You know that sound — the satisfying noise made when you open an ice cold bottle of your favourite beverage. It’s almost as if the beer is saying, “Finally!” and you enjoy liberating that beverage after a hard day’s work. For many it’s the reward of a job well done. To farmers, I believe harvest has some similar sounds — the combine churning into the first ripe field; hearing the chugs of the auger as you unload the initial trucks; the very first splash of newly harvested grain into an empty bin. All these sounds mean that yes, harvest is finally here. The question is how well will you be rewarded this season?
Since April, I’ve discussed the actual seeded acreage with farmers and marketers alike. The answers have been varied and difficult to assess especially due to many acres being lost to flooding. After considering what was seeded, then affected by flooding and many discussions with people from all corners of the province I have settled at 1.7 million acres of lentils for 2011. It seems reasonable to gage a 55/45 split, tipping slightly in the favour of red lentils, the balance green (all inclusive of laird, richlea and eston types). This will generate production of somewhere in the neighborhood of 400,000 MT of reds and 350,000 plus MT of greens.
As I see it, green lentil buyers around the world are not overstocked with green lentils. Due to high prices and mediocre quality, buyers have spent the last year buying hand to mouth. If you are a green lentil grower and have grown good quality No. 1 or No. 2 lentils it is a safe bet that somewhere someone is looking for green lentils and they likely want to buy right now but, they are waiting. For what? For you to sell. Will you?
Marketing red lentils requires a different tactic. The other significant red lentil growing regions have seen much better production this season than in the last few. Canada sits on a large carryover; Australia has carry over too; and, there is a seeming abundance of red lentils everywhere. No one in the world seems eager to buy red lentils today at least not at the values you have become used to.
STRATEGY FOR LATE 2011
As always, a farmer needs to evaluate their production against current market values and the potential for increase in value verses the potential for decrease in value. Should you find yourself in need of cash or storage space you will of course need to sell some product, but what should you sell and what should you hold for potential gains?
This discussion will need to be evaluated against canola, flax, mustard or other crops you have and the potential upsides they may have. For now we will simply discuss lentil markets.
I believe it is likely we will see demand come for green lentils first. I also believe there is room for upside to the lentil value especially if you hold No. 1 or so called X2 lairds. As of late August, the No. 1/ X2 market sits at about 33 cents. Reasonably speaking, will we have produced more of this quality than we did last year? Certainly harvest conditions were better, but acres were down. At the end of the day I believe we will have produced more than last year, but it is still early as I write, so it’s a tough call. I will remind you that last season most farmers received 36 cents or higher for this quality. My suggestion is that you will again if you resist selling at the first sign of demand. Yes, you should sell into the market during periods of demand but why accept the first offer? Keep buyers coming back until you have gained close to that 36 cent mark. As for No. 2 lairds, again it is early, and we have seen plenty of No. 2 quality. The downside to this could be a larger gap than the usually seen two cents between No. 1 and No. 2.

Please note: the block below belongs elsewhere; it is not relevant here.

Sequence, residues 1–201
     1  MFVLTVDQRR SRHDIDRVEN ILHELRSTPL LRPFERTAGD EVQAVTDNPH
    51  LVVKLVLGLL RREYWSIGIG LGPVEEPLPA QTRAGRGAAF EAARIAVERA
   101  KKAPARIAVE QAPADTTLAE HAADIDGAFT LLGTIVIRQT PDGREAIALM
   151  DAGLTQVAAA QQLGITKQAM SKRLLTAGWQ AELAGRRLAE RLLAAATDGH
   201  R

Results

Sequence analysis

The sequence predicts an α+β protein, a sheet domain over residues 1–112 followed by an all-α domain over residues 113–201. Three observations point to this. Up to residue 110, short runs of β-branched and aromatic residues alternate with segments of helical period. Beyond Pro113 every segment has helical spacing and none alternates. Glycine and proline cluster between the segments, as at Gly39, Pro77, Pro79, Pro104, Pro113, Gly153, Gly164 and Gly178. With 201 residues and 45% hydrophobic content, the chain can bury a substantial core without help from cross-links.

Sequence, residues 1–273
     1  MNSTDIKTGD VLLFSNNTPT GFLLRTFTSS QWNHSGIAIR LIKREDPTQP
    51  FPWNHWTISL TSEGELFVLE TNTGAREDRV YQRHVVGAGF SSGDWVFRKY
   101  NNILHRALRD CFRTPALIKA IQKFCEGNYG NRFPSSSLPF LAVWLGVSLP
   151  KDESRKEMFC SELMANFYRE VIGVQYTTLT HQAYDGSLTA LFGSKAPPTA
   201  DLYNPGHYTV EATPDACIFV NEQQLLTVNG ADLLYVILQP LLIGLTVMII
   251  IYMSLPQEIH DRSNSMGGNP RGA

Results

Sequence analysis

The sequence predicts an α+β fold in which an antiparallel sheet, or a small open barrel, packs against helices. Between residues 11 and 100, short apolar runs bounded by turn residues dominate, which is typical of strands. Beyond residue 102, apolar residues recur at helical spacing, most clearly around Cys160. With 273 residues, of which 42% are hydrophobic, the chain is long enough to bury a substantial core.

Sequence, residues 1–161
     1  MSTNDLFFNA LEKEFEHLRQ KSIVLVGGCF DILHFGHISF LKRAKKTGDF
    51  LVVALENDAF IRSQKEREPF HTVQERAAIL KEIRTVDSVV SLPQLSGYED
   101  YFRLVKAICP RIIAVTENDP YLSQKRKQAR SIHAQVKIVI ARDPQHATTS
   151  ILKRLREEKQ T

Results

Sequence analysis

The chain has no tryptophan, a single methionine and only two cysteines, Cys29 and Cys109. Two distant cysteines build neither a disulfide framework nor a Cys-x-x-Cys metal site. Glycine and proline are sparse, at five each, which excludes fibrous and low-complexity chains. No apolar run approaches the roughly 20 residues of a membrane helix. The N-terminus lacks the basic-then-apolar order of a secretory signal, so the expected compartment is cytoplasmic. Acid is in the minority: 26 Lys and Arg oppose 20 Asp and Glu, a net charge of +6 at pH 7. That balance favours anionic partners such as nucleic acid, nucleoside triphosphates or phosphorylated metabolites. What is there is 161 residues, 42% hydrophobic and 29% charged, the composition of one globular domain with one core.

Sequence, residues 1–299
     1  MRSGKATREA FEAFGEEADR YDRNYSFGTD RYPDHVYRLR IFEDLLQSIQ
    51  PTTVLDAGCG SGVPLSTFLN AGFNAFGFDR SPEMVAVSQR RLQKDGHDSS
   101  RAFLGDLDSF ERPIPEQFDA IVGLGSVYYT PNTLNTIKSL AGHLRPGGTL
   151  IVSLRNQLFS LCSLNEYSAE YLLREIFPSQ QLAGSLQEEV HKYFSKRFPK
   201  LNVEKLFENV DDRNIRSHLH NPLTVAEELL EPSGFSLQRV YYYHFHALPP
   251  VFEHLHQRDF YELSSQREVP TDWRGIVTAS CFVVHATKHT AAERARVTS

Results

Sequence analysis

Large volume lentil exporters are eager and hungry for business today and could be offering low to generate sales and in doing so might be keeping the market from realizing its potential. Why sell at levels much lower than last year when you have harvested fewer tons? We are talking about green lentils, there are really no other growing regions to turn to. Of course you must sell when you feel it is right for you. I believe it is reasonable to look for 31 to 32 cents and sell into demand when it comes at this level.
Red lentils I address with a bit more reserve. The current market for reds bears in the 20-cent range. As noted earlier, there seems to be more than enough supply. The world will need to chew through, no pun intended, the supply of reds before we see some significant movement in the price level here. I believe the potential exists for the price to move up in the early part of spring possibly to the mid 20s level but that is a ways off yet. Some are suggestion holding reds for this run and selling greens, obviously my opinion differs. Canada is the source of greens there are many other options when it comes to reds. I beleive we are likely looking at a sluggish year for the red market as things stand today.
What do you take away? If I was a farmer and needed to generate cash today I am certainly much more inclined to sell yellow peas or canola and hold lentils. If I must sell lentils then I would move reds at current levels and hold greens. As things unfold more clearly with harvest how much to hold or sell and for how long to hold or how fast to sell will become more clear.
JeffJacksonismarketingmanager,pulsesfor ScoularCanadabasedatCalgary,Alta.Have yougotamarketingstrategyquestions?Send themto [email protected] Theopinions abovereflectthewriter’sandarenotnecessarily theopinionofScoularCanada